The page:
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Saturday 9th July 2005

"I think that if I played Cheltenham again I should sell the place out," were, I notice, my hubristic words on my last performance here. Sadly my prophecies proved inaccurate. I had sold a usually rather adequate 150 seats for tonight's final performance of Hercules, but I guess if a show doesn't have the word "cock" in the title, the denizens of Cheltenham are not so interested. Don't get me wrong, those that turned up were a lovely crowd (though annoying split into two groups with some on the lower level and the rest on the next circle up - there were two more tiers of seating, how did I ever think I would sell this place out?) and this ultimate performance was an enjoyable one.
We'd had a terrible time trying to get the slide show to work on my new laptop, but neither- arrogant-nor-humble Pete Kovacks who had taken on the tour manager duties (as humble Dave Taylor was otherwise engaged and arrogant Simon Streeting has of course sadly passed away) managed to sort it all out with only minutes remaining.
The Everyman Theatre were not providing food this time - I don't know if this was because I had eschewed the offer last time or because I had not sold enough tickets - so I headed out into the town for a sandwich and to search out a book of sudokus to get me through the hour or so before the gig. I bought the new Independent book from a rather chatty assistant (though not disagreeably so - she doesn't do sudokus for fear that it will eat into her valuable reading time. In case you were interested. She felt I might be). Even the difficult Independent Sudokus are easy enough to do with minimal writing in of the possible numbers. Even for me and I am not very good at hard sudokus. So what I am saying is that they are pitifully easy and as I have always suspected Independent readers must be incredibly thick. The Times and Guardian hard puzzles are properly head-scratchingly difficult. Though not for Diane. I suspect she knows the person who makes up the Sudokus and learns all the numbers in advance though. That's the only possible explanation. Yes.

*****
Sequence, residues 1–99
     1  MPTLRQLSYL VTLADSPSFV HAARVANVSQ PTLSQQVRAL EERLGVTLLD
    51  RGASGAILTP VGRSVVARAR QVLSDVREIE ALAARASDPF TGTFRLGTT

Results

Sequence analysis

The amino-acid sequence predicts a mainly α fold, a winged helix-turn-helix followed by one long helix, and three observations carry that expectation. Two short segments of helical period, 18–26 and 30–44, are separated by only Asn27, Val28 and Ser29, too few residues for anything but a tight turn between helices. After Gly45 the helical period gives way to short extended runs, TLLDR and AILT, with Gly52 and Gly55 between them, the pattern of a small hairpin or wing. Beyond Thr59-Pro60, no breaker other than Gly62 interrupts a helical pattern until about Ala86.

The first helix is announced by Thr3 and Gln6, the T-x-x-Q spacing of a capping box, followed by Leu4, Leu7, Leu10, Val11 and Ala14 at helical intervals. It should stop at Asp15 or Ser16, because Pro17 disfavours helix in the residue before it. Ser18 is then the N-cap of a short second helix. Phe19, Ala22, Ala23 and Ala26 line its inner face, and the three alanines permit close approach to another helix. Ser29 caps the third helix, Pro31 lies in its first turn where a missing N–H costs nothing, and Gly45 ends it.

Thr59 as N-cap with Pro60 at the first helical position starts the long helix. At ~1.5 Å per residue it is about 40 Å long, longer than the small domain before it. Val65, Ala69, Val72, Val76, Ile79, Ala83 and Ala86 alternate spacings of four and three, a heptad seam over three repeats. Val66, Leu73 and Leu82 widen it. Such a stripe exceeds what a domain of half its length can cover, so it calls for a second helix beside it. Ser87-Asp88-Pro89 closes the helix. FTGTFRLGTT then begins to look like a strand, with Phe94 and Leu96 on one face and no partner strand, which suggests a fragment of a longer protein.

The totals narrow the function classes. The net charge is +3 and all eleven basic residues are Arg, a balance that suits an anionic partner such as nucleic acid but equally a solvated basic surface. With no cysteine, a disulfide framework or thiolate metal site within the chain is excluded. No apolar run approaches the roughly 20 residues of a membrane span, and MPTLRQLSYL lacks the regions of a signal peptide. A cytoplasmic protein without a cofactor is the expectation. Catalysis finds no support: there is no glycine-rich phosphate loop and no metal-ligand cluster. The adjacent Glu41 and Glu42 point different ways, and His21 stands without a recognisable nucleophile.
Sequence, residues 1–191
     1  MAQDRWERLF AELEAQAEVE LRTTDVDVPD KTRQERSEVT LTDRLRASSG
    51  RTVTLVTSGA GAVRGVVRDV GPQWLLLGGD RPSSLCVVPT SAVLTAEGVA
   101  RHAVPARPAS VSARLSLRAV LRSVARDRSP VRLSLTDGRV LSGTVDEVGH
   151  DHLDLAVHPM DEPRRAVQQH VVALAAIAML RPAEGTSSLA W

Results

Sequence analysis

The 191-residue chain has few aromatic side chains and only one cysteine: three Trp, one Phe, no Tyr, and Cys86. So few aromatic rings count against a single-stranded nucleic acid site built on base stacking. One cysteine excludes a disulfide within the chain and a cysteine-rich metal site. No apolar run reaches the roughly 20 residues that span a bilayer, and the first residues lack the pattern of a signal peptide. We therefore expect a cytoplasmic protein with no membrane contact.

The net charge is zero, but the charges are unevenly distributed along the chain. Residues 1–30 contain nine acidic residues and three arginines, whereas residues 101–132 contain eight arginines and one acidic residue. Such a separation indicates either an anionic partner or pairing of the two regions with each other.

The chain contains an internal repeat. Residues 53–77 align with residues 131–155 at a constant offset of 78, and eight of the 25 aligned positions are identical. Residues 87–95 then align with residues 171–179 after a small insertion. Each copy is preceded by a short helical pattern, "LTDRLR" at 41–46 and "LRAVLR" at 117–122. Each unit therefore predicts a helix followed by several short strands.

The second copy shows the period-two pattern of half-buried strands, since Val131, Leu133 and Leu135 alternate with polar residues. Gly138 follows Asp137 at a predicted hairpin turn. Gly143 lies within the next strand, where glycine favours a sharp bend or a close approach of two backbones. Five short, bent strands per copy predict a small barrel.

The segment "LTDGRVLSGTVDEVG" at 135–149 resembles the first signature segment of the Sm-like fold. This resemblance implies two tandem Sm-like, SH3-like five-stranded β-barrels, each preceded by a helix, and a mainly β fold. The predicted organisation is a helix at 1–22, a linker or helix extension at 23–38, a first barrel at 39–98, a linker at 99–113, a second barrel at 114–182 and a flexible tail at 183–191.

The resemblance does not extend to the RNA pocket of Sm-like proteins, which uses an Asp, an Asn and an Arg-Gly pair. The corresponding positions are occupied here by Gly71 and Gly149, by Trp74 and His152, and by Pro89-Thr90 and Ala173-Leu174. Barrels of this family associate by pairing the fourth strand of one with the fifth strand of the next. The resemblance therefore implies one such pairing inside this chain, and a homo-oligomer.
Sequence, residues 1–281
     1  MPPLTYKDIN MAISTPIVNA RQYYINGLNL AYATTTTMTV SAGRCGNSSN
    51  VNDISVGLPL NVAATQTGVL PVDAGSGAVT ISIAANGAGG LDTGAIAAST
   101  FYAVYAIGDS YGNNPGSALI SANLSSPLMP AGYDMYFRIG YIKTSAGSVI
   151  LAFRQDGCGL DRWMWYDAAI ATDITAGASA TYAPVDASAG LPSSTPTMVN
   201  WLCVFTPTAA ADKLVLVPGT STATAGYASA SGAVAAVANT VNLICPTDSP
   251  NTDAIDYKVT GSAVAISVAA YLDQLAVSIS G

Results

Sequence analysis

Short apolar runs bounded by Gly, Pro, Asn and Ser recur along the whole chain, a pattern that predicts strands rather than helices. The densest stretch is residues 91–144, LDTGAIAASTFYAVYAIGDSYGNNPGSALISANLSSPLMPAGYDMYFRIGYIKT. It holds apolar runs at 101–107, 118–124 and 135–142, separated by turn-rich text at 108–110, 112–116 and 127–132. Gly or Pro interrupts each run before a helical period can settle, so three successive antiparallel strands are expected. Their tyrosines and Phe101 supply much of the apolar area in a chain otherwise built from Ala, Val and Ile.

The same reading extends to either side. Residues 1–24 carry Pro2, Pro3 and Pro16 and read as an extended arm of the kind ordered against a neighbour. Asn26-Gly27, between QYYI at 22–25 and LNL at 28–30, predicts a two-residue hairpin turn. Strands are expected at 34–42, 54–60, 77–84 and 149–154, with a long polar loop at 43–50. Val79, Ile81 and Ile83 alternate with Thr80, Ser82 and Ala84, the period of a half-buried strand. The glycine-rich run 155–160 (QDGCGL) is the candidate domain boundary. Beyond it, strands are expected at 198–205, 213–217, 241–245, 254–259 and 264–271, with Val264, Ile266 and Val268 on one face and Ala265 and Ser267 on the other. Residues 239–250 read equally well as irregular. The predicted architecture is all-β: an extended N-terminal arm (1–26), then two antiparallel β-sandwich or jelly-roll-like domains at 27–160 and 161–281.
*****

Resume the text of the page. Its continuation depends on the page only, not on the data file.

As I had my sandwich in Starbucks a teenage boy was trying to persuade a teenage girl that he obviously didn't know to take a drink from his pink and white frappuchino looking drink. She wouldn't do it. Not surprisingly. This might have been some low grade terrorist attack.
He looked a bit young and nerdy to be trying to chat her up - or if he was then he definitely didn't have a chance because a) he was not attractive enough and b) his chat up line was weird. b) would not matter if a) was not true, but the harsh truth of life is that the unattactive require great chat up lines whilst the pretty can get away with any old crap. Top marks for trying if this was the case.
This was confirmed when he then asked an elderly man to sample his drink. Either he had very eclectic tastes in a potential partner or he was actually more interested in getting people to drink his pink and white drink for some reason. Like all the people he asked (and he didn't ask me, which I feel slightly slighted about - not attractive enough for him, aren't I) I suspected that the young boy had put something unpleasant in the drink, like a bogey or some wee or an ant. I wonder what he was trying to achieve. I guess we will never know. Unless he reads warming up. Which given his level of geekiness is perfectly possible.
I hope he wasn't trying to wipe out mankind with some kind of virus. That would be a shame. But in this post 7/7 world anything seems possible. For a brief moment in the post Live 8 world we had hope for a new tomorrow, but that didn't even last a week.

Anyway enough rambling. I was sad to let Hercules go, but now I can get on with my yoghurt unhindered. Not literally. I mean the show. I am not eating a yoghurt right now. I don't like yoghurt that much.

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